Farmers review wills to avoid digging deep
In light of potential market instability, rural businesses are being encouraged to review their long-term strategies, including succession planning.
Experts have warned that although farmers could be set to benefit from a stable few years prior to exiting the EU, the industry may decline after 2020. They highlighted the importance of reviewing existing business plans to maximise the current market landscape and safeguard against forecasted unpredictability.
Commenting on the fact that farmers were making the most of the sterling’s weak value was Andrew Vickery. The Head of Rural Services at accountant, Old Mill mentioned the reduced pound had led to exports being more competitive as well as boosting the basic payment by 16.5% in 2016:
“If currency stays weak we could have two or three very good years.”
Following the EU referendum decision and the 2020 CAP reform, however, farmers have been forced to equip themselves for a future with ambiguous government backing.
Relationship Director in rural services at HSBC, Paul Blundell, commented on the constrained outlook leading many rural businesses having to revise their strategies in the long term; strategies which succession planning forms a key component of.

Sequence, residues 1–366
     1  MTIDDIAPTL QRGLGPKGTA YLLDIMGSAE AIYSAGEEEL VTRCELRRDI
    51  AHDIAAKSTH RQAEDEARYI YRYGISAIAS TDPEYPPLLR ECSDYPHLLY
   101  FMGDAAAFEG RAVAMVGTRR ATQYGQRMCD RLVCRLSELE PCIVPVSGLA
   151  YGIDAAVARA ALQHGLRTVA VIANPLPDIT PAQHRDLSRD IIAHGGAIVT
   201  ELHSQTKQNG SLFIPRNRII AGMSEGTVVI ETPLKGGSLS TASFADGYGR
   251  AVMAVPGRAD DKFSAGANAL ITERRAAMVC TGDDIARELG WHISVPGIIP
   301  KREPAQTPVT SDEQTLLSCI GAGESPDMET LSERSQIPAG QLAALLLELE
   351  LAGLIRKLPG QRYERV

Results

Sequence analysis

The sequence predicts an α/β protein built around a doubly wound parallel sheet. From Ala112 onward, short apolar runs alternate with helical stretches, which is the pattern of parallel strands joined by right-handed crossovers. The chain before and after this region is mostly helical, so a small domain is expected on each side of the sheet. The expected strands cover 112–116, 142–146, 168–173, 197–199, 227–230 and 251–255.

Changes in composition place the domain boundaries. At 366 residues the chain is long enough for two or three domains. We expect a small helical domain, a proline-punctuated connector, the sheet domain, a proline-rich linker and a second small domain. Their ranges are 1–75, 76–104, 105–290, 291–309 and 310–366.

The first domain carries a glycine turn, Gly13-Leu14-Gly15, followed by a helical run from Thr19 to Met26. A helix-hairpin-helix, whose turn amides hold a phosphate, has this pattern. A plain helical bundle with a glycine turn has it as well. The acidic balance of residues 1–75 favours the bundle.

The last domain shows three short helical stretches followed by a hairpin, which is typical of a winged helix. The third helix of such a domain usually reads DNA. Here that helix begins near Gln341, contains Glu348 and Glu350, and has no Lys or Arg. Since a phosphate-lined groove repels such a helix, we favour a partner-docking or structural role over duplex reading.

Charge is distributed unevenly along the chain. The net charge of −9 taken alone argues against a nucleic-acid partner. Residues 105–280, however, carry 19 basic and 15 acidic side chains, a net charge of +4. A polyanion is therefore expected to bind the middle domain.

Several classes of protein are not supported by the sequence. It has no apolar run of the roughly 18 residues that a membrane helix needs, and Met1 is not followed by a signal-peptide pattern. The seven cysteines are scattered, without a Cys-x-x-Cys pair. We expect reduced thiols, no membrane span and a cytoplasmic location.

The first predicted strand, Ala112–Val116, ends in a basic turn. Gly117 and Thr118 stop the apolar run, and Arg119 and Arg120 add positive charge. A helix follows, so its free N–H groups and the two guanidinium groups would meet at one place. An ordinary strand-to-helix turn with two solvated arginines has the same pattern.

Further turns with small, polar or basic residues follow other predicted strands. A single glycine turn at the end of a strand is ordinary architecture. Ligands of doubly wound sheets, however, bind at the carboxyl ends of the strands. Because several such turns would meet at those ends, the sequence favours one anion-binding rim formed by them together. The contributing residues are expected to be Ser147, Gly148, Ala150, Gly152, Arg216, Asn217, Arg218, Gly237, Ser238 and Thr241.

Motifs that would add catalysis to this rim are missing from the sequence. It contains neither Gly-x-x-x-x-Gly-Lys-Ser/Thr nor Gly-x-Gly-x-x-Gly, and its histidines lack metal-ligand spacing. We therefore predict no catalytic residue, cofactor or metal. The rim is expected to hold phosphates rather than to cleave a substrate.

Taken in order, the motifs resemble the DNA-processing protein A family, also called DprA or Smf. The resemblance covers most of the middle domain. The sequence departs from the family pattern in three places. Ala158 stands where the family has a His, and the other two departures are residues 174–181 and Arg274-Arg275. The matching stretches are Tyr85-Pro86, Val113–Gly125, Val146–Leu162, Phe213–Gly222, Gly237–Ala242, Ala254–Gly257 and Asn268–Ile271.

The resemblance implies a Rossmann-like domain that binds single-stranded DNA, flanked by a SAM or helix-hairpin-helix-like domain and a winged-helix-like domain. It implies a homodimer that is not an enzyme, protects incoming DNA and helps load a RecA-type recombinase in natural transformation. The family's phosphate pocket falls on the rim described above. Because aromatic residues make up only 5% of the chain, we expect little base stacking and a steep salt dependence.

“It’s really important to look ahead and have those conversations now – don’t wait until 2020 to start planning,” he stated.
“You need to get your business in a shape that you can farm the way you want to without financial support.”
Mr Vickery brought attention to those who were now restructuring or retiring and had used capital allowances to heavily invest, warning that large profits could be ‘crystallised’ by selling plant and equipment:
“It could be worth re-evaluating the business structure to reduce the resulting tax liability.”
Highlighting the need for wills to reflect any structural business changes was Jonathan Hickman. The Ashfords solicitor stated: “A poorly drafted will can cause just as many problems as not having one: If you change your business structure you will need to review your will.”
60% of farmers are lacking any sort of succession plan according to an NFU 2015 Survey, with a similar proportion feeling the possession of a plan was important for the businesses’ future.
The benefits of updating or even reviewing a will should not be overlooked, given the potential advantages a small alteration could make.
Keeping up to date with any legislative changes and having continual communication in regards to succession planning may mean a business could reduce its liability for tax, for example. Hickman stated that this could include identification of assets eligible for Agricultural and Business Property Relief as well as whether the main property could qualify for the new Residence Nil-Rate Band (RNRB).